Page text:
GEEDUBBYA Active Member

    Howdy again Bug,

    As for folds and creases in matte board......the thickness of the matte board will really detemine the need for a cut, thinner matte wont, but as it gets thicker, unless you have a "mechanical" type bending method, one that will hold one side of the bend the full distance of the bend, and that will support the other side of the bend for the full distance of the bend, you may need a cut. Just try bending a small scrap piece, you can get a good idea of its properties in a bend when you do. If it "crinkles, try a cut on the back side then bend it again. I know this is awefully vague, but like I said it all depends on the thickness of the matte board.
    The matte board I have is less than 1/8" thick and the solid colored boards bend well, the two colored boards (ie... black one side, white the other) I have noticed some crinkling at times along the bend, but nothing of significance.

  7. charliec

    charliec Active Member

    There's a couple of properties of matte board which haven't been raised which might influence how you use the board.

    Matte boards are usually loaded with pigment - the white boards with titanium dioxide (I think) and the black boards with carbon black. This is so the framers can cut the boards to produce a clean bevelled edge. The pigment makes matte board much harder to cut than normal card. ( I think I saw someone (Lief Oh?) on this site use a scroll saw the cut formers from matte board ).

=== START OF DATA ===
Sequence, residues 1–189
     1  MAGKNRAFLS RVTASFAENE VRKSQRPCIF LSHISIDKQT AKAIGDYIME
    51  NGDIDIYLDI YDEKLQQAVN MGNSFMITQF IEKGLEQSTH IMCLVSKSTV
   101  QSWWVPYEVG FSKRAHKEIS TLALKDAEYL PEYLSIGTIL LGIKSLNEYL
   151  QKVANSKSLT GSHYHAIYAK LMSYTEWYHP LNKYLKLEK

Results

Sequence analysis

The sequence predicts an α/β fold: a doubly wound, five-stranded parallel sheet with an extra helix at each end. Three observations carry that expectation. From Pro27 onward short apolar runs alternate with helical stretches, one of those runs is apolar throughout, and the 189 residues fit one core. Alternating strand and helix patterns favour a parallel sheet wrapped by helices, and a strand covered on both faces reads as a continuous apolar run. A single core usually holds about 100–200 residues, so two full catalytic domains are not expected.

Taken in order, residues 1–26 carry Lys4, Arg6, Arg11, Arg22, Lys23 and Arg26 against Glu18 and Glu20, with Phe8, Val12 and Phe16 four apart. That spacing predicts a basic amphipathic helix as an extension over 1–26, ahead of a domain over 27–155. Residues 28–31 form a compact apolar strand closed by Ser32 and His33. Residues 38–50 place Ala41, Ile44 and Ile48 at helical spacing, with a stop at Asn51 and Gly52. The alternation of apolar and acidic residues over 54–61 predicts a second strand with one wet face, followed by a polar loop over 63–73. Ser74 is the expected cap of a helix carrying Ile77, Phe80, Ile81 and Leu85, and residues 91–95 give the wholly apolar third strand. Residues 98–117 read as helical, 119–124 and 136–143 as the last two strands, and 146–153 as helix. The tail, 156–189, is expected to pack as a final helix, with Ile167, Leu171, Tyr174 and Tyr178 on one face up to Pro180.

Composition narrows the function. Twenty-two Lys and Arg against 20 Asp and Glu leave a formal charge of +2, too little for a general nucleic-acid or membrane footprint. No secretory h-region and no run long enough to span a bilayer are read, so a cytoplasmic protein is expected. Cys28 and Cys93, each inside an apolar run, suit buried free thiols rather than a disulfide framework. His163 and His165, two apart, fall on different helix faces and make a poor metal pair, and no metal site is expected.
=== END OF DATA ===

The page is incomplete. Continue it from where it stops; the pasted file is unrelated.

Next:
The dark coloured boards seem much softer than the white boards - an effect of the pigment I think. Perhaps using black board for curved formers might give you better results than white board. The downside of black board is the mess you get when sanding it - carbon black everywhere.


  8. Gil

    Gil Active Member

    I stopped using matte board and pure illustrator board some time ago for several reasons number one was cost for the really good artist variety and the strength and stability was also not that great. I've found that the strongest and interestingly enough the lower cost varieties of illustrator board and mechanical board to be an improved solution for cardmodeling structures (Hint; Use the same stuff as professional architectural modelers use). The following is what I now use for these applications:

    1. Bainbridge 2000, Ruling Mechanical Board, 30 x 40 inches x 0.050 inches (1.33 mm) thick.
    2. Bainbridge 4000, Ruling Mechanical Board, 30 x 40 inches x 0.100 inches (2.66 mm) thick.
    3. Bienfang, Master Illustration Board, 20 x 30 inches x .052 inches (1.34 mm) thick.

    Top surface is smooth white paper. The core layers consist of chipboard with the backing layer some sort of fiber paper with manufacturers labels printed on it. The chipboard absorbs wood hardener readily and assembles into an impressively strong and long term stable structure.